Lakers’ Julius Randle has thrived while taking life lessons in stride
By Bill Oram
LOS ANGELES — With his cell phone pressed to his ear, Rob Pelinka wandered through the office suite at the Lakers’ El Segundo headquarters. Through large bay windows, he could see the team he was trying to improve as it completed its morning shootaround, and they could look up and see him.
Pelinka had already traded Jordan Clarkson and Larry Nance Jr. to Cleveland on Thursday morning. As Julius Randle finished morning work, he wondered if he could be next.
“I didn’t know,” Randle told the Southern California News Group hours later, after scoring 17 points in a blowout win over Oklahoma City. “The ups and downs of the season and not knowing what’s going to happen, it could have happened to anyone. So I was ready for whatever.”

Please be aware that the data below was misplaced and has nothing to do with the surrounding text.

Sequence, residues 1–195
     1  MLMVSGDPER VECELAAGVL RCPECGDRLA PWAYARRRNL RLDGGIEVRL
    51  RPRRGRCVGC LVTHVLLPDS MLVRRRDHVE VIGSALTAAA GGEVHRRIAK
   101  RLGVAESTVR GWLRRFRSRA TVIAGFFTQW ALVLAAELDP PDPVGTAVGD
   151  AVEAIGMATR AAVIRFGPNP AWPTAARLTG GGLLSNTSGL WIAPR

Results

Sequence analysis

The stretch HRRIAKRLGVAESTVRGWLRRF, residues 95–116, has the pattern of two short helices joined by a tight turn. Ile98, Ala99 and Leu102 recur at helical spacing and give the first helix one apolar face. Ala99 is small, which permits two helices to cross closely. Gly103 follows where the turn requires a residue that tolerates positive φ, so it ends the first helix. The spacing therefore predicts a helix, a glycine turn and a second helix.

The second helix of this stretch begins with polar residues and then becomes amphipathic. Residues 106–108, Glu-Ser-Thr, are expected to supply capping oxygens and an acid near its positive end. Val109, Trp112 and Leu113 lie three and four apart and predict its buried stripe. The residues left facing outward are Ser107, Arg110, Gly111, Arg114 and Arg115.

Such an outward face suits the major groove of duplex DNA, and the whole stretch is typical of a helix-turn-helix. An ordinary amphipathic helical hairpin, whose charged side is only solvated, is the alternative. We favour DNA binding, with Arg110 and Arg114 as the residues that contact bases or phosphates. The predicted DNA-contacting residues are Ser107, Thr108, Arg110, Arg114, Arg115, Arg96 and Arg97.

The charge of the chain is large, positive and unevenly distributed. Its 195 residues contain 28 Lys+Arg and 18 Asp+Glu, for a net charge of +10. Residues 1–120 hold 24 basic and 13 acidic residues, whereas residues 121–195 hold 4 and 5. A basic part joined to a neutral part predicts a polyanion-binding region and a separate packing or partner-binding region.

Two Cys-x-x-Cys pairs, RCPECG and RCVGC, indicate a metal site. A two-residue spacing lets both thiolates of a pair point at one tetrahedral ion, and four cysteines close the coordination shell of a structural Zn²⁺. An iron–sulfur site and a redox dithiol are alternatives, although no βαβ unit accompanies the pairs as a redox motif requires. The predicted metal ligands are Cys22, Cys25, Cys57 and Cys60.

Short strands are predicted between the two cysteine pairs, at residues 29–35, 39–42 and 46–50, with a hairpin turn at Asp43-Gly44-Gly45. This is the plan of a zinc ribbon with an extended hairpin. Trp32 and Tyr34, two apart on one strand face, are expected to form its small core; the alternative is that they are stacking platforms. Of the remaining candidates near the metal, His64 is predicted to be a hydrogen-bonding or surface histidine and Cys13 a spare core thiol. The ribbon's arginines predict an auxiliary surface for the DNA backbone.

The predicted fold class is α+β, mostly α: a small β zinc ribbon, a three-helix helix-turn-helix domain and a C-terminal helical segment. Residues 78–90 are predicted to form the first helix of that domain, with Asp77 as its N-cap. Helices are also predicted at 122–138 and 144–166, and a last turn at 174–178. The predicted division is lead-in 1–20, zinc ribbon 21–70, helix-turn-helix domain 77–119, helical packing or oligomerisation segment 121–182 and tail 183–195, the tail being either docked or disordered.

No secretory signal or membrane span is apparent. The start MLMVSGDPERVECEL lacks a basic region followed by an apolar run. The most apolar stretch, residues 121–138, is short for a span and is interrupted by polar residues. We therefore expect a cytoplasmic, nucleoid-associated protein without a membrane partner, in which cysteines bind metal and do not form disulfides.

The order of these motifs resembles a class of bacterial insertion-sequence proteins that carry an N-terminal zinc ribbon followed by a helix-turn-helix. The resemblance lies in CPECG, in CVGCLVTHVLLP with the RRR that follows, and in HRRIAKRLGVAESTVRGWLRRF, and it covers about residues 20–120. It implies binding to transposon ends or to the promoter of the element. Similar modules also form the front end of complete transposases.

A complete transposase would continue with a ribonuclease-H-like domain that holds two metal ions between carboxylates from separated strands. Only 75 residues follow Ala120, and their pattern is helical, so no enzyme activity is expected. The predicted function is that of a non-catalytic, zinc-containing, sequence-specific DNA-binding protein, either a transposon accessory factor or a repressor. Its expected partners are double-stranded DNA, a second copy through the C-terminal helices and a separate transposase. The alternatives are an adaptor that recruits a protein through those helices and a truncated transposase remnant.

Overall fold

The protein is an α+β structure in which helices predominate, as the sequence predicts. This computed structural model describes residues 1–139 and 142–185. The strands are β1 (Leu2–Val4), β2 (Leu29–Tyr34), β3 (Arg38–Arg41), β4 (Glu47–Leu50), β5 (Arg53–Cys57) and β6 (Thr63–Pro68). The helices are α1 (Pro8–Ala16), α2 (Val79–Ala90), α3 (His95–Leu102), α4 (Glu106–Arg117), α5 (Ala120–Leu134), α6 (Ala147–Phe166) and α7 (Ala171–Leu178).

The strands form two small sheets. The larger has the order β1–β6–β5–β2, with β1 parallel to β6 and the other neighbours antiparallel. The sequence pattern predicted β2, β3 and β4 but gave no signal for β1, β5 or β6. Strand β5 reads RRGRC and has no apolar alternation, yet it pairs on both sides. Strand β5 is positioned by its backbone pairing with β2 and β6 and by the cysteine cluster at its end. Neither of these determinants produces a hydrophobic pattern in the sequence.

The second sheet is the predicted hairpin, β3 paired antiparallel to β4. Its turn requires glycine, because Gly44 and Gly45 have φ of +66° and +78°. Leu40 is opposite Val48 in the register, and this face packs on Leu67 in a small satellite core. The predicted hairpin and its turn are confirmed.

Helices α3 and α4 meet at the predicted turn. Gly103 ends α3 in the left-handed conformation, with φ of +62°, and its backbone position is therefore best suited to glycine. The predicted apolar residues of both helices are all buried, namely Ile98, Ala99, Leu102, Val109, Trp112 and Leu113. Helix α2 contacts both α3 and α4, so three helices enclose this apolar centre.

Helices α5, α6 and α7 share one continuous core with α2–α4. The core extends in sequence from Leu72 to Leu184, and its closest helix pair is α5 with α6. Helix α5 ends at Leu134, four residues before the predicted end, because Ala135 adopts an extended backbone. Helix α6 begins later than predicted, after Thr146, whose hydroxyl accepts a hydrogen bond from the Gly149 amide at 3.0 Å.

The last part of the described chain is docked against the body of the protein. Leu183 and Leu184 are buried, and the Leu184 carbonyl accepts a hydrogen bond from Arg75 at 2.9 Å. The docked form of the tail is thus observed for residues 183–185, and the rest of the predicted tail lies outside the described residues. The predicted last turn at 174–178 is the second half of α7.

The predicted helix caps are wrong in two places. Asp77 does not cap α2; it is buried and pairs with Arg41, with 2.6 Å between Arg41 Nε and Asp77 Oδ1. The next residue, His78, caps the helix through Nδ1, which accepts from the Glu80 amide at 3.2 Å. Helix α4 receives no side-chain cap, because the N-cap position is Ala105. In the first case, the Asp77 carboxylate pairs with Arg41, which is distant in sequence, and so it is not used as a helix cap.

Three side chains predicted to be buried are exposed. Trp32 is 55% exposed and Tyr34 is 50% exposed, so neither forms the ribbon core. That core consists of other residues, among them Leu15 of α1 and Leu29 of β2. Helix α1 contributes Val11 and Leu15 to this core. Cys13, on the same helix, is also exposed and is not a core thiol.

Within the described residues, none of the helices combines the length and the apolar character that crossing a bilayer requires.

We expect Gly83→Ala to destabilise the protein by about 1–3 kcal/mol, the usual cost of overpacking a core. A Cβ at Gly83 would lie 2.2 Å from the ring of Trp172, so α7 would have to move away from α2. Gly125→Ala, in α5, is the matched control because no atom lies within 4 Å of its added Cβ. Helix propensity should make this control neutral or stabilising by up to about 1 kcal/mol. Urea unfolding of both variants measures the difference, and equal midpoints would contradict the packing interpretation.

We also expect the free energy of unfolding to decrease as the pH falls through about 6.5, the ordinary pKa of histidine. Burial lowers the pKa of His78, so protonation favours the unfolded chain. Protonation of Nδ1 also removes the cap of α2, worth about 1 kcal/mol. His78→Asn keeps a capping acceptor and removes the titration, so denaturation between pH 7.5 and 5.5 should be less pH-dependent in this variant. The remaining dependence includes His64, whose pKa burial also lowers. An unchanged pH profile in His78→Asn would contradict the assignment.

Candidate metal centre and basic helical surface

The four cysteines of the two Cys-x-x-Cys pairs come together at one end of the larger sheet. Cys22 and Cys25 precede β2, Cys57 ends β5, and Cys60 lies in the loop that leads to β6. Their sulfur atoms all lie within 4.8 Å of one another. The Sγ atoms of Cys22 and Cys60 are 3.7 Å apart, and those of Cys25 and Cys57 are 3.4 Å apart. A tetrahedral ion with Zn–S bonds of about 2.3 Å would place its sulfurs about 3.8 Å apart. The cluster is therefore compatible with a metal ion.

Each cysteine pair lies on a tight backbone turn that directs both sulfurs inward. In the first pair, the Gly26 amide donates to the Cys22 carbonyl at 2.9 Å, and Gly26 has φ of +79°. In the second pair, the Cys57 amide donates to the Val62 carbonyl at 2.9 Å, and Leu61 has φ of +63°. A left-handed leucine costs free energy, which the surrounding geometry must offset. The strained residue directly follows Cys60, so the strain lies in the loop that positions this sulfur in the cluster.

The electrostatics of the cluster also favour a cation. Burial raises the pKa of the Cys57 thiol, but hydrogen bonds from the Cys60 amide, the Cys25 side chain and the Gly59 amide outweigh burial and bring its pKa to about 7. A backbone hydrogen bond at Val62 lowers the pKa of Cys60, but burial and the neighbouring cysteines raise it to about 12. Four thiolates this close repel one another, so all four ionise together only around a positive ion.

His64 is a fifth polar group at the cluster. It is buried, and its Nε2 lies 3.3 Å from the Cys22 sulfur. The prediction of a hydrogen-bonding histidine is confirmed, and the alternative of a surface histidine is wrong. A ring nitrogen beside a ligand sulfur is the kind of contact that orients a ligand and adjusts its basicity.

The Lakers, however, chose to hold on to Randle, the last player on their roster who was coached by Byron Scott and played alongside Kobe Bryant.
Throughout the fall and leading up to the trade deadline, Randle was the Lakers player most often discussed in trade rumors. But as the deadline neared, his game took off, and it became harder to envision the Lakers parting with the resurgent 6-foot-9 power forward.
By trading Nance and Clarkson for the expiring contracts of Isaiah Thomas and Channing Frye and the Cavaliers’ first-round pick, the organization sent a clear message that they want to sign two maximum-contract free agents over the course of the next two offseasons.
The trade also gave the Lakers the flexibility to match any deal for Randle this summer, depending on their ability to lure All-Stars, potentially giving Randle a place in the franchise’s long-term plans.
That was tough to envision back in October.
The franchise chose not to offer Randle a contract extension in October, making him a restricted free agent in July. He started […]